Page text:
I have a feeling, even if this policy is passed, it'd be ignored within 3 months.

"Ring ring Falls Church Police Department."
- "Yea, there's some guy with a chromed out revolver in a cowboy holster sitting on a public bench reading a newspaper."
"Uh... Is he doing anything besides reading a newspaper?
- "No..."

October 2, 2004, 10:06 AM
OOOHH, this is gonna be a good fight. My money's on Phil. :neener:

TFL Survivor

October 2, 2004, 10:18 AM
The sight of 30 people bearing arms at a council meeting was intimidating, several council members said


The right of the people to bear arms is paramount to ensure we don't live under tyrannical governments.

Perhaps the city council is a bit afraid of the people asserting their rights......

October 2, 2004, 11:21 AM
Way to go, lads and lassies, ride to the hunt! :D

October 2, 2004, 12:11 PM
Police who responded would check to see if the gun was properly licensed and report their findings to city officials I thought Virginia didn't license guns :confused:

October 3, 2004, 08:49 AM
"I thought Virginia didn't license guns"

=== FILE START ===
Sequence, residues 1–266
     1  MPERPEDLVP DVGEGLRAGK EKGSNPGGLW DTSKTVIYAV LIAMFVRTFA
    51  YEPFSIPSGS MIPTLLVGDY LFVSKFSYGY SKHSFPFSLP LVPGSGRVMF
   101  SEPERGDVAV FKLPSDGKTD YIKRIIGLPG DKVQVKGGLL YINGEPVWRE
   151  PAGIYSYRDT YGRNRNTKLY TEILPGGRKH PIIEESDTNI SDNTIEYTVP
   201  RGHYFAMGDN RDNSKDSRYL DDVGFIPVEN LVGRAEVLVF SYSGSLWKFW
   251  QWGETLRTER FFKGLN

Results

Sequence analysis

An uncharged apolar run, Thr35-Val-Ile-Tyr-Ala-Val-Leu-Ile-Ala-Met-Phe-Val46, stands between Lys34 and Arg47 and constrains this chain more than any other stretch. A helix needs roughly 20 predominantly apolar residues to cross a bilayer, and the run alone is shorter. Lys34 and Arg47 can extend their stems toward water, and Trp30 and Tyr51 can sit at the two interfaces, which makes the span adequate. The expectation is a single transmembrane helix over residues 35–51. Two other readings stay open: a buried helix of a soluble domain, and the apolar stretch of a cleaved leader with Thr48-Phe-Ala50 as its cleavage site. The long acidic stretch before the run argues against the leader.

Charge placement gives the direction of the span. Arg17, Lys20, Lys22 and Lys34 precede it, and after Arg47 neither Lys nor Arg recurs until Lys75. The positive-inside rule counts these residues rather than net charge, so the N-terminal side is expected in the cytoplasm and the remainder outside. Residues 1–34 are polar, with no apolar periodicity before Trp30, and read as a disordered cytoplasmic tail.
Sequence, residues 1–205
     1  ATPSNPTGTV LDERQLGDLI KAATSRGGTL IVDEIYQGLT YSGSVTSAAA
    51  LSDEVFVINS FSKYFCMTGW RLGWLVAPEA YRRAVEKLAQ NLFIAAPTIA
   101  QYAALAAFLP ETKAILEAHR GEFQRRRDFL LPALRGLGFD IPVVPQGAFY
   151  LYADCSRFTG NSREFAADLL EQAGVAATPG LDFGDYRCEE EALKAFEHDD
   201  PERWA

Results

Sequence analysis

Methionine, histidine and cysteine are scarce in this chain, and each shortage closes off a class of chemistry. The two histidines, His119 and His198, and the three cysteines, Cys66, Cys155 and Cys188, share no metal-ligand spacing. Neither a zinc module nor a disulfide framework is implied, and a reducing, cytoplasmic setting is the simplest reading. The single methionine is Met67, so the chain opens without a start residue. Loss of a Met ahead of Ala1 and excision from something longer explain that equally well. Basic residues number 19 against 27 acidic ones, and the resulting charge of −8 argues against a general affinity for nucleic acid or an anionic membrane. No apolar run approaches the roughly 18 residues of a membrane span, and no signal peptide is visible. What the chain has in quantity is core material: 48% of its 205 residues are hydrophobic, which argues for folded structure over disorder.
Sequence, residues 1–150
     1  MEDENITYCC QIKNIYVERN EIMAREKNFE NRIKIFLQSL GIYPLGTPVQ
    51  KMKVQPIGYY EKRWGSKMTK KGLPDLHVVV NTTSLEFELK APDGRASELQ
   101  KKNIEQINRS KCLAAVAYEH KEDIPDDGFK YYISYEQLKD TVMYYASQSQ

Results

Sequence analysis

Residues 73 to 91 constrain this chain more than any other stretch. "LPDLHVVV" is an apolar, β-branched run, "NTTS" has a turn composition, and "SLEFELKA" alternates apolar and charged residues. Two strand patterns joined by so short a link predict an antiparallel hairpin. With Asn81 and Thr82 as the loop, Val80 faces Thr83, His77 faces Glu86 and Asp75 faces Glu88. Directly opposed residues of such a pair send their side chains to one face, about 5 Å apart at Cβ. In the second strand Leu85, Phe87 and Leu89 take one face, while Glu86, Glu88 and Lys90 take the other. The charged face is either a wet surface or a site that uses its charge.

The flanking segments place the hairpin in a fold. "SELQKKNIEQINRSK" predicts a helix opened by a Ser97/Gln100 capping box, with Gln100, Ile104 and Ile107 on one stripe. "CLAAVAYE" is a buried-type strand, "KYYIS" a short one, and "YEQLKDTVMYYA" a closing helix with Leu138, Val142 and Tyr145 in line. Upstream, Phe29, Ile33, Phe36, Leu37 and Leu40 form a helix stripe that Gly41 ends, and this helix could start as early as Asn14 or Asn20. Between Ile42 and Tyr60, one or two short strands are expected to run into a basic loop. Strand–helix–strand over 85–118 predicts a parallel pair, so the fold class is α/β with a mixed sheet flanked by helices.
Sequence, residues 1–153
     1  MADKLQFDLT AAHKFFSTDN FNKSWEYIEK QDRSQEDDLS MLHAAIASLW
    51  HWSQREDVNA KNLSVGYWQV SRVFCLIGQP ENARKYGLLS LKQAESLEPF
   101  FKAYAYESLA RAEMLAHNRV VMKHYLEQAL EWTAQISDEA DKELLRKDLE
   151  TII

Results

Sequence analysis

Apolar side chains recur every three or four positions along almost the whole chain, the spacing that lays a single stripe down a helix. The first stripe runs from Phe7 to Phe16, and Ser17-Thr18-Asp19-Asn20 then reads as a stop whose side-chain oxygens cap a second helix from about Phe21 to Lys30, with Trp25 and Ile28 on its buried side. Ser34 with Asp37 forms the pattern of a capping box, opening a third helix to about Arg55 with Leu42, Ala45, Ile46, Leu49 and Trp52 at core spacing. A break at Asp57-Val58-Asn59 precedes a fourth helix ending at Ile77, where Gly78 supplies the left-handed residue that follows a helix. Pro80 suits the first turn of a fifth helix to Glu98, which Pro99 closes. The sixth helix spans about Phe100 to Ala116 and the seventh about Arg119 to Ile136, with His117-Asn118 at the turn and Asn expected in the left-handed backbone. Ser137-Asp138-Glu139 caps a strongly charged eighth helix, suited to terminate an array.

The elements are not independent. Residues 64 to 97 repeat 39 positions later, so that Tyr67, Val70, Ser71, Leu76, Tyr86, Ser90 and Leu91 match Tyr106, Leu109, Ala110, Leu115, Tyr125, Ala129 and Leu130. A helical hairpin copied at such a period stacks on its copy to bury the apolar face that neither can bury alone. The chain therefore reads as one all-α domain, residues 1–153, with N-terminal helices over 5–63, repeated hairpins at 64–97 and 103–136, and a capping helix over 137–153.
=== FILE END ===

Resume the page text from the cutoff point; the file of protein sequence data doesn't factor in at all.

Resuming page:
You are correct (and, please, unless they are smooth-bore, they are weapons or firearms, not guns).


October 3, 2004, 11:12 AM
You are correct Oh, so a Washington Post reporter got the facts wrong on a gun control story. Wow, who'd of thunk it :neener:

October 3, 2004, 12:14 PM
My state's court system just overturned a law preventing people from carrying in public buildings as unconstitutional. I think the law prohibiting courthouses still works. But a person can happily carry into the state senate gallery if they so desire.

October 4, 2004, 10:00 AM
I thought Virginia didn't license guns

Machine guns are registered with the VA State Police.

A license is required to carry a concealed pistol. It applies to the person, not the firearm.

So the papers messed up the facts again. Who'd have thought? :rolleyes:

October 4, 2004, 11:04 AM
The journalistic mindset is that "gun registration" is the rule, not the exception. They really want it badly, so their stories reflect their views, any facts to the contrary.

How many times have we read articles or watched TV news and have them saying something like, "...the gun was legally registered," even though no registration is required. This happens even in Arizona -- lots.

Then take the example of movies where every gun is a registered gun, except when someone needs to be charged with some sort of crime.


October 4, 2004, 12:31 PM
The sight of 30 people bearing arms at a council meeting was intimidating, several council members said.

Petty politicians need to be intimitaded at every opportunity!:D